January 12, 2013
|Roberto, our guide on the left and|
Sebastian (“El Moro”) on the right leaning
against the 1962 Ford Falcon built in 1980..
Hopping into Roberto’s 1962 Ford Falcon wagon that was built in 1980 and featured a jagged hole in the floor that accommodated the stick shift that replaced the car’s original three-in-the-tree gear shift, we simultaneously figured that buying a few horses was less risky than relying on the Falcon’s brakes. Roberto pushed my faith further when he whispered a prayer before turning the key in the ignition. I’m not sure whether he was praying that his Falcon would start or that it would get us safely to where we were headed. But after meeting Sebastian, a Mapuche who runs El Bolson’s most successful horseback riding business, something known in Argentina as cabalgatas, maybe Roberto was actually asking God to keep us safe from someone who was a caricature of a horse trader. Devilish in his red beret, the chosen headgear of Patagonia’s gauchos, Sebastian had us break bread – really several legs of delicious lamb that he’d been slowly grilling over an open fire – before showing us the horses he had for sale. Seated at a roughly hewn picnic table at the side of Ruta 40, Argentina’s version of the Trans Canada Highway, we were blasted with questions and jokes. They exploded from Sebastian and his pals with the good-natured intensity of a gigolo on the prowl.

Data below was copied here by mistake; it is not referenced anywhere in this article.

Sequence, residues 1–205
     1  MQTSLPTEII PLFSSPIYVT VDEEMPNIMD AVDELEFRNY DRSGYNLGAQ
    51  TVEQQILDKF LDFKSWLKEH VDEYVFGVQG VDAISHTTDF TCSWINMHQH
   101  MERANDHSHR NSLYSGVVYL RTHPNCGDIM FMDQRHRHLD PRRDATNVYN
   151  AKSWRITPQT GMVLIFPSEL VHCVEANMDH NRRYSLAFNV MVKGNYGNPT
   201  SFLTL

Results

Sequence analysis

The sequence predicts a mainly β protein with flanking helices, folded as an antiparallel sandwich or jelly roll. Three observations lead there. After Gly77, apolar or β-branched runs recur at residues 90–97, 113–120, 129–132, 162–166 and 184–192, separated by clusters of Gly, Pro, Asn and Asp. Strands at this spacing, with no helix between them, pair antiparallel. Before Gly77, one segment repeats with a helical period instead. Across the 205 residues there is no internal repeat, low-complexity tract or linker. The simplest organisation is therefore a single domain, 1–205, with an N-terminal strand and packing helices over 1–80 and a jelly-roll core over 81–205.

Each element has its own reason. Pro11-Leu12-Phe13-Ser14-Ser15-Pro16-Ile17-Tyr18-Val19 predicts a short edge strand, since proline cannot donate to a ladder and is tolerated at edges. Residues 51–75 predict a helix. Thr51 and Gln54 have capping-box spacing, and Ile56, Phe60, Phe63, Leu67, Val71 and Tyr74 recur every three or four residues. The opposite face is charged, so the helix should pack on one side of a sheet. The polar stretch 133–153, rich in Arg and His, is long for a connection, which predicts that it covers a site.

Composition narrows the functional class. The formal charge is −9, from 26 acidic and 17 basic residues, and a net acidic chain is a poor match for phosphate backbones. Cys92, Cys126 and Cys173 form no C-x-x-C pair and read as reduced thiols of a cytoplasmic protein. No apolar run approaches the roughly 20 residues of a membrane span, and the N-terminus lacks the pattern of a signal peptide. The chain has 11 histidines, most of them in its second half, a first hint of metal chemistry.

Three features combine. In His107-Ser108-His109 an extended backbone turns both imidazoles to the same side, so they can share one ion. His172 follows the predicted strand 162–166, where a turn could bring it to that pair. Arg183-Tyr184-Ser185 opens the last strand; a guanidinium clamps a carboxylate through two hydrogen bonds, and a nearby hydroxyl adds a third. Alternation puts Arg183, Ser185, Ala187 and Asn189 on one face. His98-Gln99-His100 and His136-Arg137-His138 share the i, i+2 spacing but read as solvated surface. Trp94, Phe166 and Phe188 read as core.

|Gauchito, one of the four horses we purchased,|
not looking very happy about it.
With our trusted advisor’s endorsement, we agreed to do the deal with Sebastian. We were unable to get him to drop his price, but he was willing to put on new shoes all around, inoculate our mounts and look after them until our adventure began. Feeling like drug dealers, but unwilling to question our trust in Roberto, Alex looked both ways before pulling his thick wad of money out of his front pocket. He then peeled off 120 one-hundred pesos bills as we leaned against Roberto’s dilapidated 1962 Ford Falcon at the side of a dirt road, shaded from the hot sun by an enormous hardwood tree.